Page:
2 min read

The Solstice Arrives and Shadows Lengthen into the Darkest Days

Look down and watch your shadow stretch to its longest height.
The Solstice Arrives and Shadows Lengthen into the Darkest Days
The Shadow Dance (1846) (via Library of Congress)

The city is the farthest from the sun that it will be all year. Along with the rest of the Northern Hemisphere, it has tilted away from the star in our solar system into the cool grip of winter. Look down and watch your shadow stretch to its longest height. Notice the buildings and the trees, they too are casting superlative silhouettes on the earth.

Around New York City,  people mark this astronomical start of winter—one of the most ancient of human commemorations. They ring bells in Soho’s Elizabeth Street Garden; in St. John the Divine Cathedral, they raise the Sun Gong to sound the solstice’s arrival.

In the Financial District, the darkness is particularly consuming. There, the looming skyscrapers barely admit any of the brief light. On Cedar Street between William and Pearl, you will find no direct sunlight today. The warren of streets here does not match the orderly grid plan uptown; it is based on the original Dutch settlement. But now buildings more soaring than those colonists could ever have imagined have taken the place of farms, taverns, and old burial grounds. Did these early New Yorkers mark the solstice in some way, this darkest day which also marks a turning point toward the spring? Did they gather together to celebrate that the days, like those shadows, would become longer and longer until summer again brought the island to life? Was it a day of fear or hope?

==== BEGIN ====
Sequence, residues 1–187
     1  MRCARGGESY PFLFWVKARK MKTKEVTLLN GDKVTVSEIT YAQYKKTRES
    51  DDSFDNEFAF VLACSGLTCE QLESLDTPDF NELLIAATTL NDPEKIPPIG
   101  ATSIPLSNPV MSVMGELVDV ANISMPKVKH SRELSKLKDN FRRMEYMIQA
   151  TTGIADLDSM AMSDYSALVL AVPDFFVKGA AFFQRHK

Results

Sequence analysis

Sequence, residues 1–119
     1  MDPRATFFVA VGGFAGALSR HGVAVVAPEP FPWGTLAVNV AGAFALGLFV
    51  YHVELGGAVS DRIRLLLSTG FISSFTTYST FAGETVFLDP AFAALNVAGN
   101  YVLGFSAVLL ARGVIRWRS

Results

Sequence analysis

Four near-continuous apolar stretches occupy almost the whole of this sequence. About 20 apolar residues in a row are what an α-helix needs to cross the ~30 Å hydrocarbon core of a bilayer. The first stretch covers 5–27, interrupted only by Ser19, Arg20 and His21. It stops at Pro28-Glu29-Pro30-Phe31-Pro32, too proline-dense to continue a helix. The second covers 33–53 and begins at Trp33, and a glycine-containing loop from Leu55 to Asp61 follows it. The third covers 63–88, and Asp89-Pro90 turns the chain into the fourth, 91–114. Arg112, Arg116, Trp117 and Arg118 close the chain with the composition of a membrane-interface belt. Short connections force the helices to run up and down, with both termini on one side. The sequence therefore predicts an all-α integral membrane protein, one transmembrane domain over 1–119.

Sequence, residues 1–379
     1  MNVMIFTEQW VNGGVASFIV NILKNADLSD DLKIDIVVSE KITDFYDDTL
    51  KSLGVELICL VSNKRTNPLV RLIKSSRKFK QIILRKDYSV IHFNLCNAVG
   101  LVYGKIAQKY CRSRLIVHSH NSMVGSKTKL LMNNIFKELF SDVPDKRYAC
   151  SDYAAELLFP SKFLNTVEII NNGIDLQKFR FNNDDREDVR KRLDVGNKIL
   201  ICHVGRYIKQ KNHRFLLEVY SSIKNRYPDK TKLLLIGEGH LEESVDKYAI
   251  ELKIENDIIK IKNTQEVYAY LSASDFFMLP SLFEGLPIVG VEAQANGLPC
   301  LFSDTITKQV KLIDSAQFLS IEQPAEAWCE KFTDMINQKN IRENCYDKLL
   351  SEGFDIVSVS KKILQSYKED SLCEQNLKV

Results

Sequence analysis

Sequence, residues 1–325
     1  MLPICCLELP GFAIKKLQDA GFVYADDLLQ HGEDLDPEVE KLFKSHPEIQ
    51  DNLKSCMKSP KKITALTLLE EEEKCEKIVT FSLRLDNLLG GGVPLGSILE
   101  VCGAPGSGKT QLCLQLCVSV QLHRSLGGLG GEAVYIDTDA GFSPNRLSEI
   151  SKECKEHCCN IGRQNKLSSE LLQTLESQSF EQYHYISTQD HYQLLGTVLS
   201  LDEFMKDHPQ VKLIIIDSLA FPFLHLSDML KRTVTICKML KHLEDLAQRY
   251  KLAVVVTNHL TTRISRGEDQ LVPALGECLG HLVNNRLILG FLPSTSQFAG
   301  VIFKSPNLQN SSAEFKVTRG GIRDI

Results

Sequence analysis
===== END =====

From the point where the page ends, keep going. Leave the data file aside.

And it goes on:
Join one of the city’s 21st-century celebrations or go to Cedar Street and stand in the shadows; remember that we are on a planet in a vast universe that guides our daily lives with its cycles.

Shadows on Cedar Street as seen from William Street in 1936 (photo by Berenice Abbott for the Federal Art Project, via New York Public Library)
  • From Nancy Holt’s “Sun Tunnels” (1973–76) to Stonehenge, people have built structures that respond to the solstice to reflect on and celebrate its arrival. Make your own ritual to find stillness in the cyclical nature of life.
  • Along with Cedar Street, the New York Times has mapped how building shadows cast darkness on streets around the city, with the Financial District and Midtown especially shrouded with gloom.
  • A tradition of the pagan holiday Yule is the burning of a large Yule log for solstice. The Christian appropriation of the holiday led to the Yule log Christmas cake. Try your hand at making your own "Bûche de Noël" with rolled cake, ganache bark, and meringue mushrooms.